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September 24, 2002

Every Picture Tells A Story


When I went to lunch today I lost my head and took not only one but two books with me: E.H. Gombrich’s “The Image & The Eye” and a book of reproductions of Gil Elvgren’s paintings. This sort of thing is always a mistake. I can never decide which book to read, and often try to look at both of them and get horribly dizzy. Anyway, I decided to start with theory and began with Gombrich’s essay on “Action and Expression in Western Art.” There my eye lit on the following passage:

[T]here must be a great difference between a painting which illustrates a known story and another that wishes to tell a story. No history exists of this second category, the so-called anecdotal painting…It is likely, however, that the student of non-verbal communication would find a good deal of interest in these systematic attempts to condense a typical dramatic scene into a picture without any…contextual aids...

Wow, I thought, I have an example of that right here. I opened the book of Elvgren’s paintings and my attention was immediately drawn by this narrative masterwork:

Obviously Elvgren had decided to depict the intense drama of the witness facing the opposing attorney. Of course, space considerations apparently dictated the elimination of the opposing attorney, but Elvgren’s artistic mastery overcomes this by showing the young woman’s twisting posture as she writhes under his savage cross-examination. Of course, her expression is a bit ambiguous; why do you suppose she is smiling and batting her eyelashes? Perhaps she sees her brother in the courtroom crowd, and wants to let him know how well she is bearing up under the strain. Well, even if the context is a little unclear, I think Elvgren’s penetrating analysis of the human condition is quite powerfully rendered. I went back to Gombrich:

One could think of other topics and social functions which have driven the artist towards the exploration of non-verbal communication. Advertising, for instance, frequently demands the signalling of rapturous satisfaction on the part of the child who eats his breakfast cereals, the housewife who uses a washing powder or the young man smoking a cigarette.

To find an example, knowing that Elvgren had done advertising work, I again leafed through the book of his paintings, until I saw this example of what appeared to be art for a home workshop ad.

I thought, this must explain why the woman in the advertisement is making such a kissy little mouth while feeling the edge of the axe blade—she’s surprised at how sharp her new grindstone has made her dull old axe! It was a little unusual, granted, to use a woman in the ad at all, of course. I mean, you’d think grindstones would be more of a guy’s thing—and sharpening axes, too. And her choice of legwear is a bit unorthodox for a workshop, even if it is at home—I don’t think my old shop teacher would have thought that sitting so close to a grindstone with bare thighs was good safety procedure!

Somewhat perplexed, I grant you, I returned to Gombrich’s essay:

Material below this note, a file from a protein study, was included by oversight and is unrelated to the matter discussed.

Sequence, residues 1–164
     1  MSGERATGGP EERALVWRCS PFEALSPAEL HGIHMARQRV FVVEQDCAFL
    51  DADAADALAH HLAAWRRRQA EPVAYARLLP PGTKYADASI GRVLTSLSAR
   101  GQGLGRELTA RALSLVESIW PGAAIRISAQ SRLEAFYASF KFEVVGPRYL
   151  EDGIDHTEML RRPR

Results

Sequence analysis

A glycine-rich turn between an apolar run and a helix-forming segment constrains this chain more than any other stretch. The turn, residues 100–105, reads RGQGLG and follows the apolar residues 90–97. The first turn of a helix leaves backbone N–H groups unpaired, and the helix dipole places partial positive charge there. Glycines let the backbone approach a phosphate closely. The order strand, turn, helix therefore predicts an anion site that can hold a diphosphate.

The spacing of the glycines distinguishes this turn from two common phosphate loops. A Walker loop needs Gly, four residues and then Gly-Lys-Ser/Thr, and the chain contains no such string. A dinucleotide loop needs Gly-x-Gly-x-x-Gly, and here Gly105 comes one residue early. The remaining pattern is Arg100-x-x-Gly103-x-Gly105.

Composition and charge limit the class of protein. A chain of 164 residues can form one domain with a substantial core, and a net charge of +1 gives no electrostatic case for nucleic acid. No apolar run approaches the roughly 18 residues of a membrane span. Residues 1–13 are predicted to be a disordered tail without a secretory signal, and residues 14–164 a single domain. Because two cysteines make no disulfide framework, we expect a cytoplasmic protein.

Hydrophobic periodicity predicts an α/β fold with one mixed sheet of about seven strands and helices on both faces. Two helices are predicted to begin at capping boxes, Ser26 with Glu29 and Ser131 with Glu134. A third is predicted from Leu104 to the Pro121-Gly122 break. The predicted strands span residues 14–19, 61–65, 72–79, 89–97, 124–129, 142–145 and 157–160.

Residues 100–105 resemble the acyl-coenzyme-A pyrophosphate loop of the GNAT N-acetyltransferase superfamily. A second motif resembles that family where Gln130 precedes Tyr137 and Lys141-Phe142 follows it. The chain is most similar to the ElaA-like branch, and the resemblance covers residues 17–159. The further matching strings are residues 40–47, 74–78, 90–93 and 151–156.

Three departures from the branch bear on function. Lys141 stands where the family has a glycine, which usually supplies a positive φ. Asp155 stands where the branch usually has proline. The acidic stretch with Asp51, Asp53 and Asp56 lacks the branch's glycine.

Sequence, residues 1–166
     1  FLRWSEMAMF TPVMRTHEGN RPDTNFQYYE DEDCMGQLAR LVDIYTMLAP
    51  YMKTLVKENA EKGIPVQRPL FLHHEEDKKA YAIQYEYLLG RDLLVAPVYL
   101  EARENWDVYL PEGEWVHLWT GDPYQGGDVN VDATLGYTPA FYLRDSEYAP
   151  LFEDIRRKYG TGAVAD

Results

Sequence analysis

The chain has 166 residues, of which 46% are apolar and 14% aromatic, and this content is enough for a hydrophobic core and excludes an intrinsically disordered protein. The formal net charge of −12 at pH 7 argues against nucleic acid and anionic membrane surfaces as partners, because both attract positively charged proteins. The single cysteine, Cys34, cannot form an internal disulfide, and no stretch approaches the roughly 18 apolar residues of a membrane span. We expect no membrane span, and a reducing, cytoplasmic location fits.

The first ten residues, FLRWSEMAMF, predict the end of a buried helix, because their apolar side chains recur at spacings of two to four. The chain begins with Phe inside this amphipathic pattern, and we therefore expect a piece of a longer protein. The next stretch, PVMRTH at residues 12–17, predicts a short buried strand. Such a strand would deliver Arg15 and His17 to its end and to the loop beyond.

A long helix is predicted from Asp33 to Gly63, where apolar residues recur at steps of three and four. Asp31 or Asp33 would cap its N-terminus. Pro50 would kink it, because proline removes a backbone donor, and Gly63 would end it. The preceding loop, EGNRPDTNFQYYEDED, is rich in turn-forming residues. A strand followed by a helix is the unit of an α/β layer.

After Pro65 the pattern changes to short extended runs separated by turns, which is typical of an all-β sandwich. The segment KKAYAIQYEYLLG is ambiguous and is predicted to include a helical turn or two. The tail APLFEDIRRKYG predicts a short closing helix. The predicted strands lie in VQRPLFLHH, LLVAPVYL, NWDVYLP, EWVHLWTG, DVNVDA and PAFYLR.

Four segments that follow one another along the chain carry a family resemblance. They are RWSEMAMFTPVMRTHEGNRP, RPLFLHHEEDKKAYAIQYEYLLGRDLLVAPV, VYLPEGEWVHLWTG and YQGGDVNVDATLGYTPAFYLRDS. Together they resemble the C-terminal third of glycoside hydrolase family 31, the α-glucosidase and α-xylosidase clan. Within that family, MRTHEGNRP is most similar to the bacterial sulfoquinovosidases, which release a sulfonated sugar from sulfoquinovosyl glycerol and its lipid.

It is the absence of any ‘theatrical’, that is of any unambiguous, gesture which prevents us from reading off the story as if it were written…and involves us all the more deeply in the event. The very element of ambiguity and of mystery makes us read the drama in terms of inner emotions and once we are attuned to this reading we increasingly project more intensity onto these calm gestures and expressions that we are likely to read into the extrovert gesticulations of the Latin style.

I decided to look at yet another Elvgren work to see if I could detect this same type of ambiguity and mystery. I found this painting:

Here we see a drama from the medical sphere. Obviously some poor unfortunate has gone to a doctor’s office and is waiting to be treated. In his pain and suffering he watches the nurse remove some mysterious items from a metal box. That’s a pretty ambiguous gesture, although the nurse is a bit theatrical draping herself all over the counter like that. So, what do we think of her expression? Uh-oh! I remember a nurse with an expression like that—she gave me a shot with an ENORMOUS needle. She smiled that same way and told me it wouldn't hurt! I couldn’t sit down for a week! My god, what horrible science-experiment-gone-wrong is she going to commit on that poor, hapless patient? Gombrich is right—I can’t help but project ever more intensity into the nurse’s calm—sinister, but calm—gestures! It’s too much, I have to close the book.

I’m going to try to finish Gombrich’s essay, but I may never be able to look at another Elvgren painting for the rest of my days. He is simply too great, too affecting an artist for a sensitive soul like myself. I can only ponder the significance of Gombrich’s words:

Clearly, the commercial artist and the commercial photographer are likely to know a great deal about the degree of realism and stylization that produces the optimum results for this purpose and also about the changing reactions of the public to certain means and methods.

True. Sadly, too true.

posted by Friedrich at September 24, 2002


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